Monday, July 19, 2010


Riley's paw is better and he's finally almost done with the antibiotics.  The weather has cooled down a bit (only in the high 80s!) so that we may actually go to flyball again tonight.  The training school is in an converted warehouse and it's not air-conditioned, so it's rather awful in there when it's hot out, even at 7 pm.

Speaking of antibiotics, one of my friend's dogs had the runs for the past week or so, and it wouldn't stop.  As my poor pup had ongoing diarrhea (he had colitis) for almost a year, I figured out a four-prong approach that almost always gets rid of diarrhea in dogs (unless the dog has worms or a parasite or something).  I figured I'd share this in the hopes that it helps someone else out.

Doggie Diarrhea Solution
  • cook ground turkey (frozen bullet packs) and mix it with cooked white rice.  Feed this for several days with no dog food
  • add a teaspoon or two of canned pumpkin (check label - must be 100% pumpkin, not the pie filling) to each meal
  • grind up a probiotic tablet and add half to the dog's meal.  You can use doggie probiotics but they are harder to find and are more expensive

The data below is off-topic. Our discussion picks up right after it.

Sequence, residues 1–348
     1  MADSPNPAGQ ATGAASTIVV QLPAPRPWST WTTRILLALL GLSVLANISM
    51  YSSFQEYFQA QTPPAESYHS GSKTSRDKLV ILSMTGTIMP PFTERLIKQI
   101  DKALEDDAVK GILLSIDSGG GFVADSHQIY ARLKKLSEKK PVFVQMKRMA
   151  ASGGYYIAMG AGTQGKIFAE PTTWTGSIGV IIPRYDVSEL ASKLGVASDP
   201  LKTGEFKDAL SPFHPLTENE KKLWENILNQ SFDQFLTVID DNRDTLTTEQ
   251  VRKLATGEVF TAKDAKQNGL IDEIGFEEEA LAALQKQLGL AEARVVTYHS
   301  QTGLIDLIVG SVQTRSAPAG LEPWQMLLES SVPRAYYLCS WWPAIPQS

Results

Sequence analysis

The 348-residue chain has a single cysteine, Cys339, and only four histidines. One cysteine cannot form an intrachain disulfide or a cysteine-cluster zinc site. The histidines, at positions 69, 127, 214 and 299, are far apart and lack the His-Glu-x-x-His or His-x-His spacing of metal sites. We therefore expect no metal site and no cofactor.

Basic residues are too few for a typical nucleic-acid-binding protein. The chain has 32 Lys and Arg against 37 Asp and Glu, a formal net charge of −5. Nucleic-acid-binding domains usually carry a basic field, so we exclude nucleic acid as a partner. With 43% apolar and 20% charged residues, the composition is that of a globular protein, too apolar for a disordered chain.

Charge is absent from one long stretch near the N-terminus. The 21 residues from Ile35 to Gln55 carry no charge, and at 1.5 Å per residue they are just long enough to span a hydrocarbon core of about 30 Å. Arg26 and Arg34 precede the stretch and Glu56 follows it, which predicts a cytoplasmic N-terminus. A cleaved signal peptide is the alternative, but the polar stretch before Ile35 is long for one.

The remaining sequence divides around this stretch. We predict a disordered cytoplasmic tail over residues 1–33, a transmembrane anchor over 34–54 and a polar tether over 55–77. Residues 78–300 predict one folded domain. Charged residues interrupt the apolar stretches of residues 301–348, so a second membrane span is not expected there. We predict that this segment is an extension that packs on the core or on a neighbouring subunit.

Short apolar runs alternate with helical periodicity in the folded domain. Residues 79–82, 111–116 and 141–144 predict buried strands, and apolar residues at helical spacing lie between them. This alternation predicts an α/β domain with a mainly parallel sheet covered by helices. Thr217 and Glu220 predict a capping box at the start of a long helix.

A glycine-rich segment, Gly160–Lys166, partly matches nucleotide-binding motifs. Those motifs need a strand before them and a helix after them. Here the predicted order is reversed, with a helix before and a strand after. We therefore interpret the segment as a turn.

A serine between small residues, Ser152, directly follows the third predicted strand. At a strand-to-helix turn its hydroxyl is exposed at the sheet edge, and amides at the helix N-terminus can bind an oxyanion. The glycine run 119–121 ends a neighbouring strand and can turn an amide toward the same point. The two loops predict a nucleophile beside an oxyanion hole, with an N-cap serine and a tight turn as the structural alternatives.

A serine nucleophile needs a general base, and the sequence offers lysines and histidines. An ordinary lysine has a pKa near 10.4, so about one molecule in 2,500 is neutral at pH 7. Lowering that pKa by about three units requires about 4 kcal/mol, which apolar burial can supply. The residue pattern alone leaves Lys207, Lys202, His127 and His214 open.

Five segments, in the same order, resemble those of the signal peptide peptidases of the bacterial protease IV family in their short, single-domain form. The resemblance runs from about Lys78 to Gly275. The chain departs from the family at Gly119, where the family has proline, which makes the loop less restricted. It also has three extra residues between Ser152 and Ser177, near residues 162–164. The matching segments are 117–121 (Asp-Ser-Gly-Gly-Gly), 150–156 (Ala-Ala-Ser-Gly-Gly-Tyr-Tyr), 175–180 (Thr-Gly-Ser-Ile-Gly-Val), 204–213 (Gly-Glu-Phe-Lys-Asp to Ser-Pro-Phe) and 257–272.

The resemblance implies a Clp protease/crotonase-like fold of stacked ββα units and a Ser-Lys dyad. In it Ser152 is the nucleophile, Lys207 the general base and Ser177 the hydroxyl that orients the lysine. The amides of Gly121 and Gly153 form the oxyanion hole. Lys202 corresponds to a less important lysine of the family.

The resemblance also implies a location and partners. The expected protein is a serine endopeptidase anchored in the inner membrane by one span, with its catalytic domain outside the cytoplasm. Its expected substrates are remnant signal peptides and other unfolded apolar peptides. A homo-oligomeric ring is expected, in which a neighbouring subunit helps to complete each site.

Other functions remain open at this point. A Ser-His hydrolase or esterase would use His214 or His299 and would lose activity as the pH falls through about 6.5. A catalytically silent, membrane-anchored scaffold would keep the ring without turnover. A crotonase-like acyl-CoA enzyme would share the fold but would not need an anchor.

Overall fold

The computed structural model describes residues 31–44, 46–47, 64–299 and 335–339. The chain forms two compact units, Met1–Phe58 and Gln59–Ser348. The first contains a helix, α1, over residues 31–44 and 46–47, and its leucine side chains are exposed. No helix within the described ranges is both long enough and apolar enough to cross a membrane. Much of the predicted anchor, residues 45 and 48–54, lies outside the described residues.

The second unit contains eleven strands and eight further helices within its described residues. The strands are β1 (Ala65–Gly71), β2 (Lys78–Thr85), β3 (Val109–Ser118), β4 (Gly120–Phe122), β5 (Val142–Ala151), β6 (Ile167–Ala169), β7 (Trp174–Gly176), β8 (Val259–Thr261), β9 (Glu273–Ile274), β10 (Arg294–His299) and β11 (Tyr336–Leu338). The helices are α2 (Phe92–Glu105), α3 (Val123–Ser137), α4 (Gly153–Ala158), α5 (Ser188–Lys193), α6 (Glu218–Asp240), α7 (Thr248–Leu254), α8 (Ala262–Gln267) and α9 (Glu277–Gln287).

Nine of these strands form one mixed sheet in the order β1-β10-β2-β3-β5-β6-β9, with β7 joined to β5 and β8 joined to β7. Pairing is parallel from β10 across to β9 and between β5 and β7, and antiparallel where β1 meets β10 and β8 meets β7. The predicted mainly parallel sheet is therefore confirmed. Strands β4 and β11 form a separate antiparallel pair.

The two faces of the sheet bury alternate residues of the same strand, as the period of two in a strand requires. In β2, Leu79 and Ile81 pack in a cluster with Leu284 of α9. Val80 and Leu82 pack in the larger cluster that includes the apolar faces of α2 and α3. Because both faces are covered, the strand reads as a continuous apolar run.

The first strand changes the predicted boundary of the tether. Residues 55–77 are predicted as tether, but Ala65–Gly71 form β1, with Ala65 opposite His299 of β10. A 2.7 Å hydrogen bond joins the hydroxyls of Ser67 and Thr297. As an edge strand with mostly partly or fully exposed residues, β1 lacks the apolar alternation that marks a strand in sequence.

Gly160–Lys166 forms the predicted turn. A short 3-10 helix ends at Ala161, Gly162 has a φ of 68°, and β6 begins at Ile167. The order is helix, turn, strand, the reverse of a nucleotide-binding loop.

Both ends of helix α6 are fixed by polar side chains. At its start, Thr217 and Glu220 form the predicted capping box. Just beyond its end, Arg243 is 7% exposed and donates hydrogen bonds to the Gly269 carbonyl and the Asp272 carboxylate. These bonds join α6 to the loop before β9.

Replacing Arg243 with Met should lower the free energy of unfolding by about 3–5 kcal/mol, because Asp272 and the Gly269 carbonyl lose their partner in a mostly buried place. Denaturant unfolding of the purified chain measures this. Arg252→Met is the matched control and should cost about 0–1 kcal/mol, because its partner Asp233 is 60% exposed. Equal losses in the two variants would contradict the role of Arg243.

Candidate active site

• get slippery elm capsules and empty the contents of one capsule or more per meal into the dog's food.  Slippery elm bark coats the bowel and works in humans of all ages, including babies, and for cats and dogs as well.  It has very few side effects (one, actually, that I've read: inhibits vitamin absorption if taken incessantly over weeks) and helps in cases of nausea, acid reflux, colitis, Crohn's, IBS, and most other stomach complaints.  You can find it here on Amazon.  That's the brand I use.  You can read more about it here at Alternative Healthzine.

Rice binds, turkey is low in fat and grease, pumpkin is fiberous and absorbs moisture, slippery elm coats the GI tract, and the probiotic restores good gut health.

I eventually switched my dog and cats off kibble entirely, which helped out a lot, but occasionally when my dog eats, say, a dead mouse out in the field, this helps.  Your dog should be better within three or four days, if not by the next few meals.

If you're interested in this and would like to read more, I wrote a HubPage about it here:

In the last few days, I made a whole set of new designs for my zazzle t-shirt shop.  Most of them included dog photos that I altered using the free program paint . net, mostly because it's free and easier for me to figure out than the professional programs that cost a bunch.  Here are some of the designs.

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